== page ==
Good Times, Bad Times
February 1, 2007
Good Times, Bad Times
Dan Malovany, editor
When wheat prices skyrocket, it’s a good thing for wholesale bakers. At least, that’s what some industry contrarians recently suggested to me.
Throughout history, the argument goes, high wheat prices have forced good bakers to operate more efficiently, to uncover innovative ways to drive out costs, to invest in their facilities and to adjust their product mix and develop new items to drive sales. Moreover, high commodities also allow bakers price increases that they normally couldn’t get when prices are low because they can prove to their customers how much the cost of doing business is rising.
Historically, there might be some merit to this discussion, but currently, the snack and baking industries are in an environment that’s lacking a few historical precedents, according to Thomas Kuk, president of the American Society of Baking (ASB).
Kuk suggests that there now are more demands on the supply of commodities than ever before. Perhaps the biggest X-factor is the fuel-versus-food debate. High oil prices and the recent surge in ethanol, he says, have pushed corn prices to the moon. Wheat prices also have jumped, he adds, because the market couples them to the price of corn.
Moreover, the fact that a drought hammered farmers growing hard red winter wheat last year didn’t help matters, and who knows what all the hedge funds are doing to commodity costs. The whole food-versus-food discussion has become such a big issue that Flowers Foods talked about it with analysts during its February Web cast.
Fortunately, high prices have prompted farmers to plant significantly more acres of wheat and corn this year. Moisture levels in core farming areas seem adequate at this time, but it’s not going to be enough.
Yes, high prices are here to stay for the near future because demand is too strong and supply is so weak. Sure, bakers and snack producers are getting pricing, but it’s not covering all the increases in commodities, health benefits and energy costs.
The irony, Kuk notes, is that corn is not the best ingredient for producing ethanol. Cheaper, non-food ingredients such as cellulose are much more efficient, but the technology to extract ethanol from switchgrass or wood chips is still emerging and probably not ready for mass production for at least three years.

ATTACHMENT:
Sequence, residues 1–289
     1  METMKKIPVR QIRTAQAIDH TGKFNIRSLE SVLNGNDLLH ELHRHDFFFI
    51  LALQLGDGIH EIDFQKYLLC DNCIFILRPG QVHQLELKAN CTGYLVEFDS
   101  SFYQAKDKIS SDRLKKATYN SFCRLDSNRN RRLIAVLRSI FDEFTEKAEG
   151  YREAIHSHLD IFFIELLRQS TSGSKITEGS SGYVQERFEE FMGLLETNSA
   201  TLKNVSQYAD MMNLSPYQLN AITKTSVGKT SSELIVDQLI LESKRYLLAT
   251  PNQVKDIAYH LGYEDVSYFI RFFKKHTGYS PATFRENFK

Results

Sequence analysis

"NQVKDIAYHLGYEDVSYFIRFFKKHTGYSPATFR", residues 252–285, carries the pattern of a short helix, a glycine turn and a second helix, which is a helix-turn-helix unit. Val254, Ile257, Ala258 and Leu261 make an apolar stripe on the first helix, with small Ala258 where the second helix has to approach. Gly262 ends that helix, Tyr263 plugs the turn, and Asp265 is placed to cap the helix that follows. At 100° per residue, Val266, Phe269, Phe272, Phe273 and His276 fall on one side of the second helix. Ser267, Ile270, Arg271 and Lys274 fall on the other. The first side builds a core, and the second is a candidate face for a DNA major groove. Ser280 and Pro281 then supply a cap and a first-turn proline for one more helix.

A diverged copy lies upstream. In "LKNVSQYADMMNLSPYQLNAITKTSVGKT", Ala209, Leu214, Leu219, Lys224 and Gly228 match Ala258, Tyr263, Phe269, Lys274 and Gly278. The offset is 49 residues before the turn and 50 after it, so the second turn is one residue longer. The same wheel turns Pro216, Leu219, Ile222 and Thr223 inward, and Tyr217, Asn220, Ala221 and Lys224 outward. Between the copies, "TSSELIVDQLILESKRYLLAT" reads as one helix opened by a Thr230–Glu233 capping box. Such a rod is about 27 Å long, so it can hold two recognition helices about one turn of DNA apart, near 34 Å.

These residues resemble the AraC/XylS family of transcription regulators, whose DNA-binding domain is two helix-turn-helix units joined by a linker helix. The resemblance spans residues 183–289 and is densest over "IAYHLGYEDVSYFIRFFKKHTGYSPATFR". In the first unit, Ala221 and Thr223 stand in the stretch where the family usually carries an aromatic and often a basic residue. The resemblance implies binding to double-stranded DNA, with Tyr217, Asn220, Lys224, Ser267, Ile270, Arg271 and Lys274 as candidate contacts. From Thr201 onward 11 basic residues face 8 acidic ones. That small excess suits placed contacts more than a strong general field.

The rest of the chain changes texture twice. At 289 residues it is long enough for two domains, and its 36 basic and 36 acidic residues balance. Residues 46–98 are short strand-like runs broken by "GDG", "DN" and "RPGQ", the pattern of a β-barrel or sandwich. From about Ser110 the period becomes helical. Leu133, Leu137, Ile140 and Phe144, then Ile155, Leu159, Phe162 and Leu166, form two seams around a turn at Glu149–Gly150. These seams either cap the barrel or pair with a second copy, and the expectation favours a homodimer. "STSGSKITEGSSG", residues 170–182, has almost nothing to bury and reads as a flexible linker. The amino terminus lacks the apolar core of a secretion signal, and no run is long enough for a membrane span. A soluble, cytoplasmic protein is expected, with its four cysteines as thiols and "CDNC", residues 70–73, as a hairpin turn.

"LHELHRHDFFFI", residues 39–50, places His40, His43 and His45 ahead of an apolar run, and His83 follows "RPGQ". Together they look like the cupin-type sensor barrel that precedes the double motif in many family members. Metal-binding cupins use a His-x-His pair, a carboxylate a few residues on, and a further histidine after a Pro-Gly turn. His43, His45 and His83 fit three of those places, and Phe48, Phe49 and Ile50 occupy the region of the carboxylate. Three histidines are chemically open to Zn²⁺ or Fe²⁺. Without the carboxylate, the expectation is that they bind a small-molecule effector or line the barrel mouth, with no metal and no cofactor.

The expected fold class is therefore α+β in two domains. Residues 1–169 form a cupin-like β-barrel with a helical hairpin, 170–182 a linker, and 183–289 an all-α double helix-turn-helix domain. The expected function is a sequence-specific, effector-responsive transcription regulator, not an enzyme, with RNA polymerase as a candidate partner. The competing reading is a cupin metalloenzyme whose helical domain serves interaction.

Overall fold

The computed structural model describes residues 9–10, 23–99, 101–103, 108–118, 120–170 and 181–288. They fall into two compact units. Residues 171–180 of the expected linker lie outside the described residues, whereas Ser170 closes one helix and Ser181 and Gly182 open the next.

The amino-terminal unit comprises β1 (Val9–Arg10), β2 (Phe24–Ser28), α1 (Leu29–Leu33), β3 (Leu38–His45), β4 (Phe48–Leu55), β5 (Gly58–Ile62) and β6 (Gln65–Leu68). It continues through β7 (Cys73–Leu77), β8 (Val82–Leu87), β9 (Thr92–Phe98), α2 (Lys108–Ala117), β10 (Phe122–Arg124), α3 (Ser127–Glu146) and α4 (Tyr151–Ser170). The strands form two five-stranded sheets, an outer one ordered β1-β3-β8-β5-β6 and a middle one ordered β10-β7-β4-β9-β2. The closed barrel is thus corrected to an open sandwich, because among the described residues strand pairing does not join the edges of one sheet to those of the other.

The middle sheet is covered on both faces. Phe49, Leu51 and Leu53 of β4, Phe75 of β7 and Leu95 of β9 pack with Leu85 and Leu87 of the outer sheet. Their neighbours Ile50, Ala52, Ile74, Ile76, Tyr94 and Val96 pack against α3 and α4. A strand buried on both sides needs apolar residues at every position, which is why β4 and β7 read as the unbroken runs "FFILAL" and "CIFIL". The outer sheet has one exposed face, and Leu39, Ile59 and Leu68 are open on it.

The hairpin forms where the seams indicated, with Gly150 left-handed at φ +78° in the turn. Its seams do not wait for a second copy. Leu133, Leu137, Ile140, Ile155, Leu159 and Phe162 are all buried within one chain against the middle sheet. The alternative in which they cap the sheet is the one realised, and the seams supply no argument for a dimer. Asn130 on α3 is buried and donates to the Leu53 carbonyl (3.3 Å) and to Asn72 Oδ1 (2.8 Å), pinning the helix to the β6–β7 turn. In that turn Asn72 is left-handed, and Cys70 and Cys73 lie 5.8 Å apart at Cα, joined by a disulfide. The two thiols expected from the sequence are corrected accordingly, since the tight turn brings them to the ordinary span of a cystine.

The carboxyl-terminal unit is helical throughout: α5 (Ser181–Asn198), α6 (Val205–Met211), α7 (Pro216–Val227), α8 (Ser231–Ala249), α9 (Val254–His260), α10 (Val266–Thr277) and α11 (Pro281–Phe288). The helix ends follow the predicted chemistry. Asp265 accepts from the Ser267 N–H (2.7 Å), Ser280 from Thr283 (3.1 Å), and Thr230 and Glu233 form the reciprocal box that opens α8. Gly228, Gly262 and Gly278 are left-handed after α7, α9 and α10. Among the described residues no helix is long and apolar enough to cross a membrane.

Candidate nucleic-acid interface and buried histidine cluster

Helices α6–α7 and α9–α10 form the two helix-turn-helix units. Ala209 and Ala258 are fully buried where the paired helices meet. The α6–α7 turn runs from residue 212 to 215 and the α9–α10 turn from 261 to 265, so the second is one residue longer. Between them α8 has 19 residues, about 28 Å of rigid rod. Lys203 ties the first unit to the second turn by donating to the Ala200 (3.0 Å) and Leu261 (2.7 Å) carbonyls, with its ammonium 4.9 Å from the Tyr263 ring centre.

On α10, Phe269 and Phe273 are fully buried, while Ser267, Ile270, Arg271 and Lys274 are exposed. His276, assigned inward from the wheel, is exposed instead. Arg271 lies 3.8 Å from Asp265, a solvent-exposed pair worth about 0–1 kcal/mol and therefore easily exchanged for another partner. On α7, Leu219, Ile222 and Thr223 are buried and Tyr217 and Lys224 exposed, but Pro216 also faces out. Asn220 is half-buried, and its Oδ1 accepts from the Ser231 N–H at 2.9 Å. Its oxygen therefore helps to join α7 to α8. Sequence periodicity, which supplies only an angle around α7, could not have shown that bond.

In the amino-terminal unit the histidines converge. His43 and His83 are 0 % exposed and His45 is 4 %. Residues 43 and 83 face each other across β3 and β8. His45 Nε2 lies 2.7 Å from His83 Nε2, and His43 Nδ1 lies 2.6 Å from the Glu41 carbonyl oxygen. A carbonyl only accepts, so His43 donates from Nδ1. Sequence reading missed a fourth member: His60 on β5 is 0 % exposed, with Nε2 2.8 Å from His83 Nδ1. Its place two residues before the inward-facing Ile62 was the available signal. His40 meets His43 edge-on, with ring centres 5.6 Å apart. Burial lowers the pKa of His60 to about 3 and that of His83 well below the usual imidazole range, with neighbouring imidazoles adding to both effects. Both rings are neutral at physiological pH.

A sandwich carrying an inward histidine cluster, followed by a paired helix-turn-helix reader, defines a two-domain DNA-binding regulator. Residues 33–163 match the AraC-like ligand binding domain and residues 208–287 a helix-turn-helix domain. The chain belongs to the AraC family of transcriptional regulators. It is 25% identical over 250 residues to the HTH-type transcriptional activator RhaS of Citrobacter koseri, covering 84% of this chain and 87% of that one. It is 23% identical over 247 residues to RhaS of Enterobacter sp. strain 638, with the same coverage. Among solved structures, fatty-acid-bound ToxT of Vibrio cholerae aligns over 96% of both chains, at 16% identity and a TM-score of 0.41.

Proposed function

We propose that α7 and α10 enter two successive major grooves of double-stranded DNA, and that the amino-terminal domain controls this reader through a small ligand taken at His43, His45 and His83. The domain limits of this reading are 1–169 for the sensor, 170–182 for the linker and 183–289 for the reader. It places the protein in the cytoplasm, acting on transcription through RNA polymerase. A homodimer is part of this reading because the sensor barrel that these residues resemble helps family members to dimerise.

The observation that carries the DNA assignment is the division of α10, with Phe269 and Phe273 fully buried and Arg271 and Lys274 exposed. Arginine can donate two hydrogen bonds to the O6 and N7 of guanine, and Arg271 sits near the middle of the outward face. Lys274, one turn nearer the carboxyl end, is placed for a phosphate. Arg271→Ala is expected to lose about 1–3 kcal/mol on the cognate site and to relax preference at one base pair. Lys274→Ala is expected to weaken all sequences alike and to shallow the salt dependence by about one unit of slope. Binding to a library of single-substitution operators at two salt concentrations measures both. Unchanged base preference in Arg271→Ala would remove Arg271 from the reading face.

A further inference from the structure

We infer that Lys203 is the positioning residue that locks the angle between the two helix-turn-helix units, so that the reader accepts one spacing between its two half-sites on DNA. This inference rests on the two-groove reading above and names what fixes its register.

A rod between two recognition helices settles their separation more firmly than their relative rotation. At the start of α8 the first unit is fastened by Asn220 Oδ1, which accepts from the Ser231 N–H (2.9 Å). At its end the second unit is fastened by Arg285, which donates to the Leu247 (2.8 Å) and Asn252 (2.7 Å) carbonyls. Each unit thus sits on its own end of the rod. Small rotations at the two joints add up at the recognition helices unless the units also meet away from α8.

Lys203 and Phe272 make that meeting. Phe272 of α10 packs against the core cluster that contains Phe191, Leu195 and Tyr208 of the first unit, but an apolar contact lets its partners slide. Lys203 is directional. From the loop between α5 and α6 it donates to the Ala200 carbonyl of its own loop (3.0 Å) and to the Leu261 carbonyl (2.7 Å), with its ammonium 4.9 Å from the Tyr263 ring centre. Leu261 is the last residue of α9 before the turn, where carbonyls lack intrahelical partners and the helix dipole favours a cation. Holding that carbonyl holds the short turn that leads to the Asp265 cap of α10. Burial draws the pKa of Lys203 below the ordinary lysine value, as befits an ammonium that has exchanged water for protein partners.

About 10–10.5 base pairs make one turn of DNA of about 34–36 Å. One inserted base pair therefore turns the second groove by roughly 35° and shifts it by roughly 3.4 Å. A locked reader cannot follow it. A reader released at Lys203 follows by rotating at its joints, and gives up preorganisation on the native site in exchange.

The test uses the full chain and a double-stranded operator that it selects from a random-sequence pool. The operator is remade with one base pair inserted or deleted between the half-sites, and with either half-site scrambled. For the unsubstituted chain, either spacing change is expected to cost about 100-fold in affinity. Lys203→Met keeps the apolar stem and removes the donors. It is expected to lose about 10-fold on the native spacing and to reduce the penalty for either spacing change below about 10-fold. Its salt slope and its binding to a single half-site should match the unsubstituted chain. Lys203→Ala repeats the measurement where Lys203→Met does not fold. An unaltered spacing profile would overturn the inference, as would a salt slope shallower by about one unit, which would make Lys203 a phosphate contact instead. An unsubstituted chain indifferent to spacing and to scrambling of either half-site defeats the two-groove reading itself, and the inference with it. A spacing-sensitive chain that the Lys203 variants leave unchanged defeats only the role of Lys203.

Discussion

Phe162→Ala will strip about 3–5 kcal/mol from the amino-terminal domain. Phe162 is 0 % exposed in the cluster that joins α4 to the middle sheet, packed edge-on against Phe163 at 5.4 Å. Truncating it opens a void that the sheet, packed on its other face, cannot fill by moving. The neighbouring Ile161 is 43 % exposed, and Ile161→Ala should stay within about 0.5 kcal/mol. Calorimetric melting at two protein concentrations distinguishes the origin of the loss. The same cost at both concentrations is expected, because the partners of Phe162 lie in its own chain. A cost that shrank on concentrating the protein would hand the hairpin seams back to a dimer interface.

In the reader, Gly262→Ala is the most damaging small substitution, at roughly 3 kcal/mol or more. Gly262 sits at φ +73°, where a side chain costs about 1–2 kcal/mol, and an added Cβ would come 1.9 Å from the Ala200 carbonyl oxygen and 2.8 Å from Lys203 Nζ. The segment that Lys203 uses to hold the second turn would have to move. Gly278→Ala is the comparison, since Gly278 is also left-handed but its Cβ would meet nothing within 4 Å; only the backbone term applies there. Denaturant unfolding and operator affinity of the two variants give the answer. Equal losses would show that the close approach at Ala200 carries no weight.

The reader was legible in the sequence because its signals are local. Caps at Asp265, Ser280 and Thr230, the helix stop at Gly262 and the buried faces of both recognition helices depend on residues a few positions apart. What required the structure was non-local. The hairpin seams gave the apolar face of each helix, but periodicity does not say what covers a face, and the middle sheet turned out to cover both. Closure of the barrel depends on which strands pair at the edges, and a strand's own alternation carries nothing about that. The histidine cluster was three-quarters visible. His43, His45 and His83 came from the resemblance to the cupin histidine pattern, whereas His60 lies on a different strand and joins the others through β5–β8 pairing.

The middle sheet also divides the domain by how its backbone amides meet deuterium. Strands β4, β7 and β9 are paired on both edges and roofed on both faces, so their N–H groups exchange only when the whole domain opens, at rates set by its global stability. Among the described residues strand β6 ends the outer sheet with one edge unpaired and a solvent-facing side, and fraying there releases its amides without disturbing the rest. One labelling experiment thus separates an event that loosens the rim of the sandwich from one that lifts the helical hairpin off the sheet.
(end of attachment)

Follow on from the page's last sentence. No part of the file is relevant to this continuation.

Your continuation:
If it weren’t for government subsidies, corn might not even be profitable. For that reason and others, he adds, the high price of commodities is an issue that’s not going away any time soon.
“It’s something that the industry is going to have to deal with for years to come,” he says.
For many bakers, the good news is that some of the major players in the industry are struggling and, thus, shedding money-losing or marginally profitable business. This has created a huge opportunity for their competitors. As they say, one man’s garbage is another man’s gold.
How much are we talking about? Hundreds of millions of dollars, easily. Just look at Interstate Bakeries’ performance over the last few years. According to its long-awaited financial statements, which recently were filed, IBC sales dropped from $3.5 billion in fiscal 2003 to $3.06 billion in fiscal 2006. I’ll guarantee that $440 million in business didn’t disappear into thin air.
In these difficult times, Kuk says, the broader issue for bakers and snack producers is sustainability, which includes managing costs, getting pricing and more. It’s a major theme that a panel of industry experts will discuss at the society’s meeting in Chicago on March 7.
Moreover, the ASB’s conference will address the fuel-versus-food debate on March 5. Count on me being there. When it comes to food and fuel, the only thing I know is that they both have something to do with gas in the end.